Grade 12 – Data Management
Experimental and Theoretical Probability
- Probability: is the value between 0 and 1 that describes that likelihood of an occurrence of a certain event.
- Experimental Probability: making predictions based on a large number of previous results.
- Theoretical Probability: Make predictions based on a mathematical model.
- In general, experimental probability will approach theoretical probability as the number of trials increase.
- Discrete Sample Space: a sample space where you can count the number of outcomes ie. blue balls
- Continuous Sample Space: decimal numbers with infinite possibilities ie. Time.
- Event: is the occurrence of a specific outcome in the sample space.
P(A) = n(A) / n(S)
Probability of A is number of outcomes for A over total possibilities
- P(A’) the probability that event A will not occur.
- P(A’) = 1 – P(A)
- Odds: a ratio used to represent a degree of confidence in whether or not an event will occur.
- Odds In favour: P(A) : P(A’)
- = n(A) : n(A’)
- Odds Against: P(A’) : P(A)
- = n(A’) : n(A)
Probability using counting principles
- Instead of listing out all possibilities, counting principles such as combinations and permutations can be used to calculate all the possibilities of outcome and the possibilities of the event occurrence.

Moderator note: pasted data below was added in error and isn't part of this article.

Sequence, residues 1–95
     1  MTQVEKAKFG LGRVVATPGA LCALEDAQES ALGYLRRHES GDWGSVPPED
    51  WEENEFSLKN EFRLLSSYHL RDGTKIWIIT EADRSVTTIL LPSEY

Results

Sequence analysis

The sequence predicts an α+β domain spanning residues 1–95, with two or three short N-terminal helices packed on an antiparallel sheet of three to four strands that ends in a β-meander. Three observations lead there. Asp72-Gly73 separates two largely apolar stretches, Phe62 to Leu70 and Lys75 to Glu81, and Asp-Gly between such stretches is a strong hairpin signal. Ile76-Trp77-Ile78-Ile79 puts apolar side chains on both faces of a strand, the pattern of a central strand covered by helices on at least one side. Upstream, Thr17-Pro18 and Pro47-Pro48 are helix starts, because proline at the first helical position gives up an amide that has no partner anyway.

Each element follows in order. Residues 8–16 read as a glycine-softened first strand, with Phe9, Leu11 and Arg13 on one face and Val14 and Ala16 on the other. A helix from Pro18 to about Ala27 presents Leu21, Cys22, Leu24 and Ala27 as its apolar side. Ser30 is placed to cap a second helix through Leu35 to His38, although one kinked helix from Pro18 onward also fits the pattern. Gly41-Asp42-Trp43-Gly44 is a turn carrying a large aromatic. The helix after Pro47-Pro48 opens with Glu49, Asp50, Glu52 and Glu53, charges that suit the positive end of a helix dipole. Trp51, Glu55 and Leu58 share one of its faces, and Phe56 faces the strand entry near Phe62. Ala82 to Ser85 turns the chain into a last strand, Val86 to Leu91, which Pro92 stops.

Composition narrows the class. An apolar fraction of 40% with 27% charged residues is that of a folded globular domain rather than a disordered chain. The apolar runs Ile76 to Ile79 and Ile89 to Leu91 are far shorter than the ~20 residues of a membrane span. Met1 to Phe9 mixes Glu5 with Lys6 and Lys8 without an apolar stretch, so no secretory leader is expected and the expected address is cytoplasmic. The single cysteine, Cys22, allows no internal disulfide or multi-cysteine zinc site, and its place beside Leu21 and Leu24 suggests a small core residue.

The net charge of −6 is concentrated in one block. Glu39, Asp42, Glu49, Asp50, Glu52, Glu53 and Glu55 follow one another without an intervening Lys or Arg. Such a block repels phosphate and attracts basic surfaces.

- Refer to these links for information about counting principles
Independent and Dependent Event
- Two events are independent if the occurrence of one event has no effect on the occurrence of another event.
- If two events are independent, then P (A n B) = P(A) P(B)
- Drawing tree diagrams with probability percentages on the branches can be multiplied
- P(AA) = P(A)*P(A)
- ie. When drawing disks from a bag, if the disks are replaced, the 2nd draw will be an independent event.
- ie. When drawing disks from a bag, but the disks are not replaced, the 2nd draw will be a dependent event.
Mutually Exclusive Events
- Two events are mutually exclusive if when one event occurs, the other event cannot occur.
- If two events are mutually exclusive, then P(A U B) = P(A) + P(B)
- If two events are not mutually exclusive, then P( A U B) = P(A) + P(B) – P(A U B)
- ie Probability of picking a KING or a FOUR is a mutually exclusive event.
- ie Probability of picking a KING or a RED card is non-mutually exclusive.
- The probability that an event will occur given that another compatible event that already occurred.
- P(A / B) = P(A and B) / P(B)
- Probability of A given the occurrence of B is equal to the probability of A and B over the probability that B has occurred.
- ie. Probability of drawing a QUEEN if we know the chosen card is a face card is an example of conditional probability.